Wrongful convictions hit the headlines every now and then: the Guildford Four, Barry George and Sally Clark. But those who successfully appeal the length or nature of their sentence receive very little attention.
- Sketch by Isobel Williams, of public gallery in Supreme Court, see HERE
Yet someone who receives a disproportionate sentence can suffer hugely. They can be imprisoned, when their crime merited a community sentence or spend way longer doing a community sentence than they deserved.
We need an appeals system that works. Lord Justice Auld (citing Lord Woolf) outlined the purposes of an appeal system:
“The first is the private one of doing justice in individual cases by correcting wrong decisions. The second is the public one of engendering public confidence in the administration of justice by making those corrections and in clarifying and developing the law”.
Only 0.5% of sentences decided in the magistrates’ courts are appealed. That tiny proportion could mean either that most people think their sentence has been fair, or that there are considerable barriers to appealing a sentence. Personal experience and evidence suggests to me that thousands of disproportionate sentences go unchallenged every year and that the human rights of offenders are compromised.
I used to visit Young Offender Institutions and could hardly believe the sentences some teenagers got, particularly for breach. Most said they had not appealed their sentence. My concern that this was a wider issue led to commissioning Dr Jessica Jacobson to do short review of the evidence – see HERE. Her initial investigation suggests that there are considerable barriers to appeals.
The odds are stacked against an offender wanting to appeal their sentence. In theory, if they appeal, their sentence could be increased. If they have been sentenced to a short prison sentence, it’s likely that their sentence will be practically over by the time the appeal is heard. And if they have a reasonable income, and are above the means test level for legal aid, they will have to pay up to £250 if they lose. These practical reasons put offenders off appealing, but there are also emotional barriers.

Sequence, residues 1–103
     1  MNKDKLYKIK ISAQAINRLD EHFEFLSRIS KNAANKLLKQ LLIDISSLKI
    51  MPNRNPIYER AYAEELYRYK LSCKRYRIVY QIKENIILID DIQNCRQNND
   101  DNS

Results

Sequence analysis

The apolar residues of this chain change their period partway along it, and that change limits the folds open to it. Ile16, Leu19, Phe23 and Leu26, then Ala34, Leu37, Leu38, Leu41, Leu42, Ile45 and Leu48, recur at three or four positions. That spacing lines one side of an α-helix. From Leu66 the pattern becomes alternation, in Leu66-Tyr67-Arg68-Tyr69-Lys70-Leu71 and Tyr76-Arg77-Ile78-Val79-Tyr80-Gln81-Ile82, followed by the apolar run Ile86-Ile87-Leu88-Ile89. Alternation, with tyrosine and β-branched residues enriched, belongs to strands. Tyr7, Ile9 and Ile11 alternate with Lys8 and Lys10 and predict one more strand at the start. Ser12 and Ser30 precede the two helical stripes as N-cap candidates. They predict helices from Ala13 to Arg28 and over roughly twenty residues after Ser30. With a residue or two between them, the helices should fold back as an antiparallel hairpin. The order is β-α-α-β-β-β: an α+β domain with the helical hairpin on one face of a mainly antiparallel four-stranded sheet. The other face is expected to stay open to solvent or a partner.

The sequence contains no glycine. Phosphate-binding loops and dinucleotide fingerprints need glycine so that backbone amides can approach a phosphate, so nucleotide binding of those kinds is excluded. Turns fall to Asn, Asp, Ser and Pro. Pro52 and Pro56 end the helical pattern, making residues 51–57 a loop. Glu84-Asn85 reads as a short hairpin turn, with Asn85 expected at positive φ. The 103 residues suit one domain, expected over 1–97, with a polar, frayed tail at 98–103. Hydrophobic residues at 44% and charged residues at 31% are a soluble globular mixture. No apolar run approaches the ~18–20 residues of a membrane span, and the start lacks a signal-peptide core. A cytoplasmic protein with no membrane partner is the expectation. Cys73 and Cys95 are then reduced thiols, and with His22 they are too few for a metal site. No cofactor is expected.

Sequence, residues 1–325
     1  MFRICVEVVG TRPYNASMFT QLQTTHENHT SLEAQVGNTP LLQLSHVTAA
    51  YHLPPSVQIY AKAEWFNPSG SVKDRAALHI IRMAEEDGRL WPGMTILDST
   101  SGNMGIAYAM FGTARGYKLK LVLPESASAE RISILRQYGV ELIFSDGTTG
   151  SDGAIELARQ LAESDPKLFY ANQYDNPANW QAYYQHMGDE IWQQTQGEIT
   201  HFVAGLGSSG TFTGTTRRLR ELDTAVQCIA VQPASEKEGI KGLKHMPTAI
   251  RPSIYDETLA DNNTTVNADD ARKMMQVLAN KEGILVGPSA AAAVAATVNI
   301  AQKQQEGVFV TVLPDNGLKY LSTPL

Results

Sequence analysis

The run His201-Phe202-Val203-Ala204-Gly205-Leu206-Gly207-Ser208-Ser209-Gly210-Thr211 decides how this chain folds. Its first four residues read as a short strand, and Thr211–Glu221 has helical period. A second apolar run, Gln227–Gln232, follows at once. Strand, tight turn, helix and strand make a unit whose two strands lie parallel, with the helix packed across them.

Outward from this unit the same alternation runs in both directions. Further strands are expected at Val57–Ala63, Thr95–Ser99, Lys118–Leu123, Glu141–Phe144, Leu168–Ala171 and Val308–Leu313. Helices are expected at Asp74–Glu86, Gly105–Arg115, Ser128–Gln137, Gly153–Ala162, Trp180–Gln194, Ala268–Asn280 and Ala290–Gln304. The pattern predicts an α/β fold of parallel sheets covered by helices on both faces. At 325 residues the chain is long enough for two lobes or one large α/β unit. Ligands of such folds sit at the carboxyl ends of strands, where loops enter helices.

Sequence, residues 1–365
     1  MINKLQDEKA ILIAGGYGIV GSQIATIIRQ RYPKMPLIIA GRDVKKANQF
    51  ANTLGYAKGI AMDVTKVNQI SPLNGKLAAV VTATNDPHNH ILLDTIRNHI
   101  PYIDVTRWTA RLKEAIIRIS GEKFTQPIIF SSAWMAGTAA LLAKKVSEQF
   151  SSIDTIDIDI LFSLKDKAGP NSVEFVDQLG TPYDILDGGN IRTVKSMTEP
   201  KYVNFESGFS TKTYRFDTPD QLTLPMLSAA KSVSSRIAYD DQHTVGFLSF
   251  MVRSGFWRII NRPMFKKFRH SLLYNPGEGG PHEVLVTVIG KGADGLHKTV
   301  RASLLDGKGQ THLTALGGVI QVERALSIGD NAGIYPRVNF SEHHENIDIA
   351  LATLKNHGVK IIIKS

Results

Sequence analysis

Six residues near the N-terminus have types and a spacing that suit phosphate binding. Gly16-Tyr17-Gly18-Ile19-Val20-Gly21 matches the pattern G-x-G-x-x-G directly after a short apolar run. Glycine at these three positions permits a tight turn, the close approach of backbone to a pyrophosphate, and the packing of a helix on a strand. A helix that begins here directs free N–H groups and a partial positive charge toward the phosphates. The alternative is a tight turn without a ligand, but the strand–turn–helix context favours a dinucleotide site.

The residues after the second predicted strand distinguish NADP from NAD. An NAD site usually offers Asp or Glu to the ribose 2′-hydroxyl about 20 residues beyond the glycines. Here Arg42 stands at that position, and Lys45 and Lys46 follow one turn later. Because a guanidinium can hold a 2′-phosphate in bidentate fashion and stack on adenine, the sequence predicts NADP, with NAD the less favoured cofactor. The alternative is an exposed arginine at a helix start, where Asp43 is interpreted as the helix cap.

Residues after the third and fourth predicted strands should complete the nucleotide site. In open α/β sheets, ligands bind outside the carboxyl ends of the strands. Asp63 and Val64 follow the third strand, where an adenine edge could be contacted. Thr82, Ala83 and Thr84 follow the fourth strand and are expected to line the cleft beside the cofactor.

Many offenders are sceptical about judges’ willingness to overturn the decisions of their colleagues and weary of prolonging the court process. They just want to get their sentence over with, even if they consider it unfair.
The odds are also stacked against lawyers wanting to appeal a clients’ sentence. Of course, good lawyers will appeal disproportionate sentences come what may. But the rewards for doing so are meagre.
Solicitors are paid only £170 to prepare an appeal to a Magistrates’ Court sentence. Lawyers appealing from the Crown Court are paid by the hour but the rate has not gone up in 10 years. The legal aid reforms face solicitors and barristers with a 17.5% cut to their fees. Already they can end up working for very little on appeals. This cut may make working on appeals one of the worst paid aspects of their work. Less scrupulous lawyers may only pay lip service in telling clients of their right to appeal.
Successful appeals benefit the individual who has their sentence reduced. But they should also help the judiciary learn from their mistakes. In any other walk of life, if your decision was overturned by your superior, you would certainly know about it and have an opportunity to discuss the reasons why.
Not so in the courts. Magistrates and District Judges consider themselves fortunate if they are told that an appeal to their sentence is coming up and, even more so, if they are told the result. There is no system for informing judges in the magistrates’ courts that their sentences (or convictions) have been successfully appealed. Magistrates and DJs learn about appeals by accident. So the opportunity to use appeals to improve sentencing is lost.
We have an effective and fair appeals system in theory but not in practice. But evidence is still scarce. Transform Justice and the Institute for Criminal Policy Research are seeking funding to do in-depth research into criminal appeals to sentence. So watch this space.
Penelope worked in radio production and at the BBC before moving into the voluntary sector. Penelope set up the campaigning charity Transform Justice (www.transformjustice.org.uk) in 2012. She is also chair of the Standing Committee for Youth Justice